10. P.S. The tradition of referring Ezekiel 44 to the virginal birth is one that is present in the Lutheran dogmatic tradition as well; Piepkorn demonstrates it. You can find it treated in Gerhard's Loci Theologici (387.8).

  11. William,
    Rather than rely on my second-hand exposition, I feel it would be best to read Sasse's original along side Piepkorn's devotion to see clearly what he is getting at.
    In Sasse's defence it may be worth noting here that while the received form of the Apostles' Creed certainly has 'Who was conceived by the Holy Spirit, born of the Virgin Mary', the Old Roman form which goes back to at least c. AD390 and probably before is actually 'Qui natus est de Spiritu Santo ex Maria virgine', and the distinction between conception and birth certainly seems unknown before the 4th century AD.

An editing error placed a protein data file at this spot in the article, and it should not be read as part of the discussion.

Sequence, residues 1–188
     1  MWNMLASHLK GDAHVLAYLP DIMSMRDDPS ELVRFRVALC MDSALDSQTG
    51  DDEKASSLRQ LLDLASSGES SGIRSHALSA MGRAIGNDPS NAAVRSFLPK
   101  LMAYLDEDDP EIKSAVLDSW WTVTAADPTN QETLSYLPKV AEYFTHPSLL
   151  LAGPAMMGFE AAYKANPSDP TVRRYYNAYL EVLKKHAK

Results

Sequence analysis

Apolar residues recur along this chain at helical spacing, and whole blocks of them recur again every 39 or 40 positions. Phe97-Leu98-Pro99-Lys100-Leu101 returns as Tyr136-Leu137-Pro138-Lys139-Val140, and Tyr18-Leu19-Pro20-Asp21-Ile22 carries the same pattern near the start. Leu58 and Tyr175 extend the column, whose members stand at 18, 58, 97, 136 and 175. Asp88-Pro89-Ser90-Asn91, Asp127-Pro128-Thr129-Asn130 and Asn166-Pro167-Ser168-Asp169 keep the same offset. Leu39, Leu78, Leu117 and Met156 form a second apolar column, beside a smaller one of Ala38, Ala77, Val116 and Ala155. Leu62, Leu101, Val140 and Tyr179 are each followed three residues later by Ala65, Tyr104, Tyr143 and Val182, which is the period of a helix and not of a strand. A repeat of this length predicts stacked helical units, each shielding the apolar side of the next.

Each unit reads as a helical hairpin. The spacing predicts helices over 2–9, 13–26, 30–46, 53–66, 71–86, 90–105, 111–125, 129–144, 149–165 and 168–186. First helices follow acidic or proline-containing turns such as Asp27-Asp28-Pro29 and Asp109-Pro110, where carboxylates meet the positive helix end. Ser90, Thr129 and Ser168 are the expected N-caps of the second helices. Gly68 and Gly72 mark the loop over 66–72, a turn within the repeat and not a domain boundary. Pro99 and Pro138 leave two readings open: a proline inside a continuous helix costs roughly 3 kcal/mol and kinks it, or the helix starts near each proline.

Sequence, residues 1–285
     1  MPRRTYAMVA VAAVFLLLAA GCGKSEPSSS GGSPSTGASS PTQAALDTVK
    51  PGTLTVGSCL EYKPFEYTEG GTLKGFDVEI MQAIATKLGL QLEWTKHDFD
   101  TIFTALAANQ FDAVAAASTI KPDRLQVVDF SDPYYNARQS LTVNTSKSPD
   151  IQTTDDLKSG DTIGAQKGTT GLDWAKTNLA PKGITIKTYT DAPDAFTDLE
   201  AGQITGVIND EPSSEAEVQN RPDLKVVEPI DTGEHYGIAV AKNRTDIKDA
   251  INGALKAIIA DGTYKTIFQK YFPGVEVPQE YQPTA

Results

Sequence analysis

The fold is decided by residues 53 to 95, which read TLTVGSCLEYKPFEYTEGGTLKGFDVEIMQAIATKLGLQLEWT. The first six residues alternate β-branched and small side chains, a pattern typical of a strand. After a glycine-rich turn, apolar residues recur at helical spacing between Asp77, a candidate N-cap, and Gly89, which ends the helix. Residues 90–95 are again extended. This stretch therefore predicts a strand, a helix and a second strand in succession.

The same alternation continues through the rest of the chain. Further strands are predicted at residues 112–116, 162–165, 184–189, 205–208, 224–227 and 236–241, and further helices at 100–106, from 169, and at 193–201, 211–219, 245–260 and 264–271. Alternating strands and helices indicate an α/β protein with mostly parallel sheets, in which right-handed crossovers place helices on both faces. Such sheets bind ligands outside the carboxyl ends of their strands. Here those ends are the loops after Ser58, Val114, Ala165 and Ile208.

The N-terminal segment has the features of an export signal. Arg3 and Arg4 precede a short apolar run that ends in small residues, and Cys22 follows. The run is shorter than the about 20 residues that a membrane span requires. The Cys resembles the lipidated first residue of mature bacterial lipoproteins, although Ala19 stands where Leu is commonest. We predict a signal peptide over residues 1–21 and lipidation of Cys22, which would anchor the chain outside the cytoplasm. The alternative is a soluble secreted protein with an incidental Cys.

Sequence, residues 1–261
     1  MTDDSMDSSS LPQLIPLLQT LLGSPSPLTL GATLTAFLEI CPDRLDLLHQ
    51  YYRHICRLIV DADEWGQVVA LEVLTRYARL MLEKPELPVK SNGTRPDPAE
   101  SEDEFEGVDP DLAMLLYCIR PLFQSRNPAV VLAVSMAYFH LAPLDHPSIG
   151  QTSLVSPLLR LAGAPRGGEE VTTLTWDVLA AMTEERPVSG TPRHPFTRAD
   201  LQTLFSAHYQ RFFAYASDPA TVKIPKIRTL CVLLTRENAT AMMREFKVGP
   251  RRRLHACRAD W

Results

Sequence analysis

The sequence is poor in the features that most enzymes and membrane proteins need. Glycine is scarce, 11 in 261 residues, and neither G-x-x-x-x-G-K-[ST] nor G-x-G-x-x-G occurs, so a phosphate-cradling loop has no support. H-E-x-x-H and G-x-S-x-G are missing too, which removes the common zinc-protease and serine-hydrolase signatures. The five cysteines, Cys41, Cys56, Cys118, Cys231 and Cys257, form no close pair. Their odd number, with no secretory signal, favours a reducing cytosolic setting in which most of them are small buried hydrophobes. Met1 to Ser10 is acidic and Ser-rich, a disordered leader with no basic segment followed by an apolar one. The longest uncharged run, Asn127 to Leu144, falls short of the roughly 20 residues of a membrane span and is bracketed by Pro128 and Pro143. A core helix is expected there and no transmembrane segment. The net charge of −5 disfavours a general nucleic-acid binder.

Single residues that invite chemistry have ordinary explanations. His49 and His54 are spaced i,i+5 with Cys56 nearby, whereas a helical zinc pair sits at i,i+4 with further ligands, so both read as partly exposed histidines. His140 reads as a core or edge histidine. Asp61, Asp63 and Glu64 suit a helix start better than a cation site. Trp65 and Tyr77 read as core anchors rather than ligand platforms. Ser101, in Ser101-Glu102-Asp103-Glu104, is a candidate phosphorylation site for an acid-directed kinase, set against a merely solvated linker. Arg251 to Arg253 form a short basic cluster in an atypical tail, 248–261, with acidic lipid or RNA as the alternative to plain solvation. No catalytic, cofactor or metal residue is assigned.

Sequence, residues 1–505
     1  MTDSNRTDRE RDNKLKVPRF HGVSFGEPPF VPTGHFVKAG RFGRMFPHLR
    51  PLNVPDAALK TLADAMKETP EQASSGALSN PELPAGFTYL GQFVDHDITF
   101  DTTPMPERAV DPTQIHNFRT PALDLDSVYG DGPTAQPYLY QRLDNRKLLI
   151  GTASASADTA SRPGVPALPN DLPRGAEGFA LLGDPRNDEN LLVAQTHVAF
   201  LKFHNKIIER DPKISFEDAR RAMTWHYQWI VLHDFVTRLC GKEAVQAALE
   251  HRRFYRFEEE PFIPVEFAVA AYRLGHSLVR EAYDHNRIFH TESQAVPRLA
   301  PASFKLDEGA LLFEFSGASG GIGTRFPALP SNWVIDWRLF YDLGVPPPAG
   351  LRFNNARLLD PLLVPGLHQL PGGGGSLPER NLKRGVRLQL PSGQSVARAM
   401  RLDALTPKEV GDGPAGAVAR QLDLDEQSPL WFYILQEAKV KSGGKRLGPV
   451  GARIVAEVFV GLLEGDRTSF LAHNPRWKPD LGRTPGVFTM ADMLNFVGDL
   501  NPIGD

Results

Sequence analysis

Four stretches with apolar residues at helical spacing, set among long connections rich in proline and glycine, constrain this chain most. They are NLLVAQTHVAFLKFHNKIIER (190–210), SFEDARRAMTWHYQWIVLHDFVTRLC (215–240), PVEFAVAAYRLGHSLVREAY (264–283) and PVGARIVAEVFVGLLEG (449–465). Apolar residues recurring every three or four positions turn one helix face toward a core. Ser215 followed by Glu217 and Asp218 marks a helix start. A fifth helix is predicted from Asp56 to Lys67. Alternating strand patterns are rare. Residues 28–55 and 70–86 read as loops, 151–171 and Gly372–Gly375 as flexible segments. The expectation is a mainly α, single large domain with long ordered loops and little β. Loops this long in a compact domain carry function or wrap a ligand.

Again, the question at issue is not "Was Jesus' conception miraculous?"; clearly it was, but "What is the dogma?" Sasse thinks it is the Dogma of the Virgin Birth, which is inclusive of a miraculous conception, yet makes nothing of it (!). For Sasse, the emphasis on a virginal conception, to the point of separating the single dogma into two, arises out of the false asceticism which arises so soon in the early church and which includes a semi-Pelagian attitude towards salvation. Thus he writes, "Later ascetisicm was the first to tie together the semper virgo with the natus ex Maria virgine".
    Is Sasse labouring the point, or is he on to something???